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Supporting the Country, Then and Now

In the first of two articles, Keith Rowntree reflects on the experiences of our University now during the pandemic and previous historical events; exploring how one of our foundation colleges contributed in two world wars.

Supporting

Aerial View of Beckett Park Hospital (2nd Northern General Hospital)

During World War One, the City of Leeds Training College, the original College on our Headingley Campus, served as the 2nd Northern General Hospital. Plans to make use of the college buildings were made even as the first students began to occupy the freshly constructed buildings in 1912. Britain entered the Great War on 4 August 1914, almost immediately the Education Block (James Graham Building) and three hostels were requisitioned under the Territorial and Reserve Forces Act (1907). Between 1914 and 1917, gradually almost all the Beckett Park buildings were occupied by the military forcing the College to find alternative accommodation. Throughout the war, the College found temporary housing and teaching spaces in a variety of Leeds schools, public buildings and private houses. Some students and staff expressed the belief that 'we are practically non-existent' as the College dispersed across Leeds. Until 1916, women students remained on campus, and the juxtaposition of female students' disporting themselves in unseemly ways' and recuperating soldiers caused James Graham, Director of Education, some concern. Interestingly he laid no blame on the leering soldiers. By 1917 students were living and studying in temporary accommodation while the hospital and its ancillary activities expanded over the campus. The College began its return to Beckett Park in spasmodic fashion, between 1919 and 1927 the hospital and College shared the site. The last patients transferred to Chapel Allerton Hospital in Gledhow in May 1927.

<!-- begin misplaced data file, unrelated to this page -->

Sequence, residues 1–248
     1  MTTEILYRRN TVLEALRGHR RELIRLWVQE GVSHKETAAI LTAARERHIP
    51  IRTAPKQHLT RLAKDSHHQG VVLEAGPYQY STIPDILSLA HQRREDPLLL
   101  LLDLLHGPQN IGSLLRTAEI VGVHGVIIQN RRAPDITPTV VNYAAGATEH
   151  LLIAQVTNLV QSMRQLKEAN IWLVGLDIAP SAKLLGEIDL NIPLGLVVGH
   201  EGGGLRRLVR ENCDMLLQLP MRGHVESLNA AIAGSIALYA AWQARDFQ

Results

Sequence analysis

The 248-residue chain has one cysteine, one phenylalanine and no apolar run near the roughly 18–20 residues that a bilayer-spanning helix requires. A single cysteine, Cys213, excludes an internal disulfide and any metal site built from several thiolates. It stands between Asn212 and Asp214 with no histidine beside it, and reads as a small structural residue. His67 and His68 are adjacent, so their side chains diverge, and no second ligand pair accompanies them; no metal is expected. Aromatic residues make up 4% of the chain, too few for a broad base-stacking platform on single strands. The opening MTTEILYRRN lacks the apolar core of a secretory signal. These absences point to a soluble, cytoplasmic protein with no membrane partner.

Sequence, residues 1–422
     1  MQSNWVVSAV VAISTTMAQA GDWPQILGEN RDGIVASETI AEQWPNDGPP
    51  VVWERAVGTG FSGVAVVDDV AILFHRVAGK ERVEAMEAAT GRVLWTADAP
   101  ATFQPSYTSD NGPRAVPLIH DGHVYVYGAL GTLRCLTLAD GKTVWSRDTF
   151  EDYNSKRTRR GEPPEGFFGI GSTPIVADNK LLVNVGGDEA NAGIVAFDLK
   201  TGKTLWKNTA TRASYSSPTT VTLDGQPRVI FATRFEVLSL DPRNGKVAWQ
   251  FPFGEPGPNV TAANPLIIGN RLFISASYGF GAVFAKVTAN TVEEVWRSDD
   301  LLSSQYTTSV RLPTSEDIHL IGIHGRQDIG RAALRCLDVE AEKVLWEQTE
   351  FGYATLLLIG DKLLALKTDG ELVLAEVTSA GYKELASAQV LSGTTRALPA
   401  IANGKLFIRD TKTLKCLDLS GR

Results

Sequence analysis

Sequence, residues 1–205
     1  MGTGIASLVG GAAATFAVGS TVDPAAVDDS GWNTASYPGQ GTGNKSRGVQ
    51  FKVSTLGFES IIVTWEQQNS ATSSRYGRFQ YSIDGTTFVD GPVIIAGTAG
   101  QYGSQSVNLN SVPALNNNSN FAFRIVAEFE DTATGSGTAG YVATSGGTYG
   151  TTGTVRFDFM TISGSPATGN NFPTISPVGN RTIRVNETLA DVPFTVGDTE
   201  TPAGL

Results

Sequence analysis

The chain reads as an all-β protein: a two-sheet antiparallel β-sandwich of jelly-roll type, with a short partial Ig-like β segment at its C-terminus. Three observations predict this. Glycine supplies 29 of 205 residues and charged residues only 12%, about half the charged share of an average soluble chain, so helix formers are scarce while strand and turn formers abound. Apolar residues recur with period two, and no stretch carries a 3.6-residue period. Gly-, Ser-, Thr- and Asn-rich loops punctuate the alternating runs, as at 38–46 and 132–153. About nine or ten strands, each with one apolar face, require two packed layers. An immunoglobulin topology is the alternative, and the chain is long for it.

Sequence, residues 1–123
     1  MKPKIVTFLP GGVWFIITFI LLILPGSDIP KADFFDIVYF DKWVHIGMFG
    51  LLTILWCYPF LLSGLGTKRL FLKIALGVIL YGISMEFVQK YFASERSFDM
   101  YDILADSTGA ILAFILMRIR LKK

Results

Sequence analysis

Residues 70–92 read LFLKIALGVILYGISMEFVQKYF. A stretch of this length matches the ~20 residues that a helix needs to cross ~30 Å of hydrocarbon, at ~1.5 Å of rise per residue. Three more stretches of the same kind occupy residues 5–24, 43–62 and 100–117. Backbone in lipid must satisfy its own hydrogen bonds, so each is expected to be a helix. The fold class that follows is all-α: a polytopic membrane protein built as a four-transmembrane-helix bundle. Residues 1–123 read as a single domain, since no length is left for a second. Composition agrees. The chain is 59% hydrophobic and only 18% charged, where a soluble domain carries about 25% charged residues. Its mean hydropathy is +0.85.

In the lead up to World War Two, military authorities sought to replicate the successful repurposing of the college buildings once more into a hospital. In the years leading up to the conflict, particularly after the Munich Agreement in 1938, plans were drawn to convert the City of Leeds Training College site into a hospital once more. However, the progress of the war led to Headingley becoming a training centre and depot rather than a hospital. On 3 September 1939, a requisition order was pushed through, and according to R. W. Rich, the Principal, the teacher training college was in military hands before lunchtime that day. Unlike the previous war and the piecemeal approach to the occupation, in 1939, the whole college site was taken over by the military in one fell swoop. The students were evacuated to Scarborough, occupying five local hotels, church halls and school playing fields.

Meanwhile at Headingley, training and depot facilities included training and accommodation for the ATS ('Women's Army'), Officers' Courses, NCO's instruction, drafting and inoculation for foreign service, drill, lectures and field exercises. Towards the end of the war, the site functioned as a remedial centre for misfit soldiers and housing for repatriated POW's. The College returned to Headingley in 1945 many of the buildings and sports fields had undergone extensive alternations by the Army and resumption of normal College life was slow and painstaking.

While today's pandemic is a very different beast to the trials and tribulations that former students and staff endured during two World Wars, the disruption we experience in our daily lives resonates. Today, our University buildings, Portland and Rose Bowl are providing training and other facilities for vital non-clinical NHS staff. Parallels to the use of Headingley as both a functional hospital and healing centre during the First World War and as an RAMC training centre during the Second. Once again, the world has transformed, and new challenges and opportunities emerge.

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About the Author

Dr Keith Rowntree

Keith Rowntree maintains the University's Archive and Special Collections which are currently held at the University’s Library, situated on our Headingley Campus. We collect, describe and preserve material for future generations while seeking to promote knowledge of, and access to this rich heritage for educational, professional and research purposes.

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